Connie Musolino is a current PhD candidate in the Faculty of Gender Studies and Social Analysis at the University of Adelaide. She is currently working on an ARC project titled Desire and denial: why are people with eating disorders reluctant to engage with treatment services?
Megan Warin, PhD, is an Associate Professor and an Australian Research Council Future Fellow in the Discipline of Gender Studies and Social Analysis, University of Adelaide, South Australia. As a medical anthropologist her research interests include theories of embodiment, obesity science (epigenetics and life course), class and gendered dynamics of health and illness, and social change practices.
Professor Tracey Wade is Dean of the School of Psychology at Flinders University. Her research and clinical interests are in the areas of eating disorders as well as perfectionism. She is on the steering committee of the National Eating Disorder Collaboration and is the academic lead of the Statewide Eating Disorder Service in South Australia.
Dr Peter Gilchrist is a psychiatrist in private practice. He was previously the clinical director of the eating disorders service at the Flinders Medical Centre and was involved with that unit from the time of its establishment in 1977.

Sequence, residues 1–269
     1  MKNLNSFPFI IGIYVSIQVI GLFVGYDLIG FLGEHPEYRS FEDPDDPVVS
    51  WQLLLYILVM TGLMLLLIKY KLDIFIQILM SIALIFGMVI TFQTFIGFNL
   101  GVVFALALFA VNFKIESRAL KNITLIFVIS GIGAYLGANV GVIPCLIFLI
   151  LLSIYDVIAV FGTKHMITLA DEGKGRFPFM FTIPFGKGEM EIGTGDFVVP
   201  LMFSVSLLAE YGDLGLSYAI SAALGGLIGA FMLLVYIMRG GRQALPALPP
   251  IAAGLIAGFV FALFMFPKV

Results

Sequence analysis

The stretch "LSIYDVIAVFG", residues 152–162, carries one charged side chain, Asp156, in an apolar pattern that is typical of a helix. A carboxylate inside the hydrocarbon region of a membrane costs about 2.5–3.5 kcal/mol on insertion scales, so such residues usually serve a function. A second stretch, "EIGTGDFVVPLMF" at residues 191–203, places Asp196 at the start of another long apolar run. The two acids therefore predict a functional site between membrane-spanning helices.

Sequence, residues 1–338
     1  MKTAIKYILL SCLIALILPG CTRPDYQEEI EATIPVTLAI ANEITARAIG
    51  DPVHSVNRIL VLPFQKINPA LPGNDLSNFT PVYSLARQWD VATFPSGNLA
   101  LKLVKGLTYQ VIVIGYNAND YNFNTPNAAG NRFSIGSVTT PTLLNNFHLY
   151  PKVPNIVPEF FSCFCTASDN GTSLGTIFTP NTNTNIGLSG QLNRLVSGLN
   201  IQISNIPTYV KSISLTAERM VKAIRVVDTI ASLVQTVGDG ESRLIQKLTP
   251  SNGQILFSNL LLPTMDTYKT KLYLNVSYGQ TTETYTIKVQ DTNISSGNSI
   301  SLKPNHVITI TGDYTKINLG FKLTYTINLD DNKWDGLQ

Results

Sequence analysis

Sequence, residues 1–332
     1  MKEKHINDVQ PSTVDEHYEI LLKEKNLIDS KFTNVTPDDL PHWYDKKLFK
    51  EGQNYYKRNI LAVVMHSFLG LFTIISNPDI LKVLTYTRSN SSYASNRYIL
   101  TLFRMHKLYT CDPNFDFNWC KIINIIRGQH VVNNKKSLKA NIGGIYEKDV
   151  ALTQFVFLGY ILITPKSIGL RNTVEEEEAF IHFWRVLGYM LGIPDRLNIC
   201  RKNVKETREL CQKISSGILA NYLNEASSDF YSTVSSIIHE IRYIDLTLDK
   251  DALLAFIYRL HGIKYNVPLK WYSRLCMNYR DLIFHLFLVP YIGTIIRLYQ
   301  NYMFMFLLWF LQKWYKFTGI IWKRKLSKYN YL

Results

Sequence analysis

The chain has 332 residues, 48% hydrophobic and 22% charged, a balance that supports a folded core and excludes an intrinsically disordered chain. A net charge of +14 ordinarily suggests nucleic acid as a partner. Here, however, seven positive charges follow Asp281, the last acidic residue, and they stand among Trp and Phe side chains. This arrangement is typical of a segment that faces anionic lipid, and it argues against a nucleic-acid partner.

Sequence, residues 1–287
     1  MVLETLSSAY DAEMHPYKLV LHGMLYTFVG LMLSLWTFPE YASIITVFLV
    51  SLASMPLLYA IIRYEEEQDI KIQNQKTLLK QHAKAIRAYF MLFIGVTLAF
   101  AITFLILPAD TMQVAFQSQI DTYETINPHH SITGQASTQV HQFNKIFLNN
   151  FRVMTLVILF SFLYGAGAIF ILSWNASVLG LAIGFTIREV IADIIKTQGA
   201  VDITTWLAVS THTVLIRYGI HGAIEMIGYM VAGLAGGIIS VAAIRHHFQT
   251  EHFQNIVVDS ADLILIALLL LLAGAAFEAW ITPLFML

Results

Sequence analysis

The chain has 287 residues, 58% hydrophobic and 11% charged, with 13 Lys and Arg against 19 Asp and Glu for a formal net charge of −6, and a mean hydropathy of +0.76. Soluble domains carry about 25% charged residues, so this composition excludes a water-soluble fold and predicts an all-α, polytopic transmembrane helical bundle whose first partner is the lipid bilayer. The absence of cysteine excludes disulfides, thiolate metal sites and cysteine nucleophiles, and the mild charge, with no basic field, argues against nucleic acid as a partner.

Volume 33, November 2015
This paper explores the rise of disordered eating in a postfeminist world. Based on findings from an Australian Research Council grant that investigated why women with disordered eating were reluctant to engage with treatment services, we demonstrate how women embody postfeminist positions of choice and responsibility in their eating and body practices. Through applying Rosalind Gill’s (2007) concept of postfeminist sensibility to ethnographic accounts of women living with disordered eating, we argue that postfeminism, neoliberalism and healthism represent a constellation of contemporary forces which have unwittingly created an environment for disordered eating to flourish. Within the setting of lifestyle choice, postfeminist sensibilities support and rationalise women’s endeavours in their disordered eating practices. The pervasiveness of neoliberal ideas in a postfeminist world highlights that the rhetoric of choice as empowering disguises an increasing push for individual responsibility, particularly in the areas of health and fitness. Such ideas are reinforced in the self-monitoring and self-disciplining practices of participants who explain their practices as lifestyle choices. Investigating the ways in which women describe their disordered eating practices within a postfeminism space offers new and critical insights into why resistance to help seeking is common.